JIS News

Six retired education officers from Region Three of the Ministry of Education, Youth and Culture, have been recognized for 67 years of invaluable service to education.
The honourees, Dorothea Walker, Ivy Cummings, Pauline Ritchie, Joyce Richards, Jean Beckford and Linsiroy Nelson, were saluted recently by colleagues, ministry officials, teachers and friends, at an appreciation function, organized by the Ministry, at the Starfish Hotel, in Coopers Pen, Trelawny.
They were presented with plaques, paintings, potted plants, and household items, for their unswerving contribution to education.
Minister of Education, Youth and Culture, Maxine Henry-Wilson, who hailed the education stalwarts, said instead of thinking retirement, this was just another milestone in their career, which called for retooling, as they continued to be productive.
Mrs. Henry-Wilson who was the guest speaker, said as players in the system, they were leaders of change, persons who had upheld integrity and educators who had defined education with a broader meaning.
Commending them for their service, the Education, Youth and Culture Minister said, “you have accumulated experience, education and knowledge, and as education officers, you have been responsible for upholding the tenets of the system, by being responsible for the maintenance of dignity and professionalism”.
She encouraged the group to record some of their experiences as a method of learning, so that the country would not repeat the same errors as it sought to make strides at a faster pace.
The Minister also urged the educators to forge partnerships, because they were still being looked to by the community and the family, for guidance; and she encouraged them to keep on being quality assurance officers by continuing to build on what the country had, in order to enhance and uphold the education system at a certain standard. The citation to Mrs. Walker, former Regional Director, described her career as one that depicted the ministry’s vision, and helped shape the present and the future. She was cited as a clinical practitioner; one who provided counselling and direction; one who expected results instead of excuses; and, a dedicated, modest, graceful, warm and humorous person.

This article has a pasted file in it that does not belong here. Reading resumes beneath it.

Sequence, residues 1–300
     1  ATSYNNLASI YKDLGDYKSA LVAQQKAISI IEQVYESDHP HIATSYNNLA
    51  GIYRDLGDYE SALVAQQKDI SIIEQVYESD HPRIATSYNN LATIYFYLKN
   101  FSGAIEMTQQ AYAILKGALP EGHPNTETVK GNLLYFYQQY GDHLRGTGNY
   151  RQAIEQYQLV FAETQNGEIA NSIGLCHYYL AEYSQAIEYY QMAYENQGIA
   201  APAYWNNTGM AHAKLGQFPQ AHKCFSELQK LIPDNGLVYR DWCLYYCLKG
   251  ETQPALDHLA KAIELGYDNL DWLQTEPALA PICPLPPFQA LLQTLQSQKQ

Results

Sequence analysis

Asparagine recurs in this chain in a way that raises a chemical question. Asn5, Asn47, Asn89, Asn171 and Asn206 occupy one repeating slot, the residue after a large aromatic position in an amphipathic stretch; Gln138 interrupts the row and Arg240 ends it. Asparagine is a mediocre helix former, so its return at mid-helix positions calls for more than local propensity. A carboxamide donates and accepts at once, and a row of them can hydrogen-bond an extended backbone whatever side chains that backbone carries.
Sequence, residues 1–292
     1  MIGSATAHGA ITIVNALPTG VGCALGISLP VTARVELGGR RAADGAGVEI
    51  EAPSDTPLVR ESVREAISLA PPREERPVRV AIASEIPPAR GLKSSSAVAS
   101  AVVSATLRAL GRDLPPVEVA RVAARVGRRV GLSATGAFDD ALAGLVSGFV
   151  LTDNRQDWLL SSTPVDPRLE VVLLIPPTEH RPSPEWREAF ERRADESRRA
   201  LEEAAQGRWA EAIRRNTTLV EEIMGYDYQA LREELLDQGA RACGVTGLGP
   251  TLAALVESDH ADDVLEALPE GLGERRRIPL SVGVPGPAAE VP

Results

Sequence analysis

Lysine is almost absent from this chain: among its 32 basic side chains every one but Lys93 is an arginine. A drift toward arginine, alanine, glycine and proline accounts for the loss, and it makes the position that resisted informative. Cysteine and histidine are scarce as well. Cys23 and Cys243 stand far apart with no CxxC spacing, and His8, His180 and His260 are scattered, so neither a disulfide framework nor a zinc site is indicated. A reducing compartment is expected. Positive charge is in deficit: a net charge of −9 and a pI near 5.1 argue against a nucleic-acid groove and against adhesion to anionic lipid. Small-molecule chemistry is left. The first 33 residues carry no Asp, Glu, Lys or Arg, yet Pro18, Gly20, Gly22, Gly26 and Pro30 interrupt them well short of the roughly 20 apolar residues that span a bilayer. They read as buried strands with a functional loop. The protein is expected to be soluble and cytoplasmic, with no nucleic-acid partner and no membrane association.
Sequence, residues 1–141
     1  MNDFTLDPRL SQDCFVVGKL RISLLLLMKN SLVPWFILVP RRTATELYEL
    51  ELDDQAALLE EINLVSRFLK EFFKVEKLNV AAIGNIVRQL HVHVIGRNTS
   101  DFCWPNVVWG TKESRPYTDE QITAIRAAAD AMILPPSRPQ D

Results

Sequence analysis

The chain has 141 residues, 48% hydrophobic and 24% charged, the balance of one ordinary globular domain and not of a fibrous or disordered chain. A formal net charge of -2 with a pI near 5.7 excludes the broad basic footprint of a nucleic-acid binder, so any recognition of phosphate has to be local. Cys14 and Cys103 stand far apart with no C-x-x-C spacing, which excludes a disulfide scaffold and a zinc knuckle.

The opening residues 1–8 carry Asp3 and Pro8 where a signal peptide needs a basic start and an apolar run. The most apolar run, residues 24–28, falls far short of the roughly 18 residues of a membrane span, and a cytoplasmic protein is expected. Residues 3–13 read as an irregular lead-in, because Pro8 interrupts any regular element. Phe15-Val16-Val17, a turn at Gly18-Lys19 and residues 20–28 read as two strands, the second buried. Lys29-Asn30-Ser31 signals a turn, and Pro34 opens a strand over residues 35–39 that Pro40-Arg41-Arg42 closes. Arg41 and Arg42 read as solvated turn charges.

Mrs. Cummings was portrayed as a principled, honest, dynamic and thorough person, who epitomized professionalism, and was not afraid of ridicule; while Mrs. Ritchie was characterized as an instrument of high standard, a woman of substance and grace, and one who was understanding, affectionate, inspiring, supportive and warm.
The citation to Mrs. Richards, presented her as resourceful, always appropriately attired, and in search of current educational trends, and one who established good rapport and encouraged excellence; while Mrs. Beckford was described as a lady armed with the requisite knowledge and skills for quality performance, possessed a charming personality, and was open-minded, caring, motherly, generous and jovial.
Mr. Henry, who was perceived as an unsung hero, was saluted for his distinguished and dedicated service in the area of industrial arts. He was described as an easy-going, loving, sociable, and notable person, who would never be forgotten by those whose lives he had touched.
In her response on behalf of the retirees, Mrs. Walker said it was full time that the word ‘retirement’ be replaced by other words such as ‘renaissance’ or ‘graduation’, “as we rekindle our spirits for risk-taking”.
She thanked the organizers and all those who attended for being so gracious to them, “and we will continue to serve Jamaica”.

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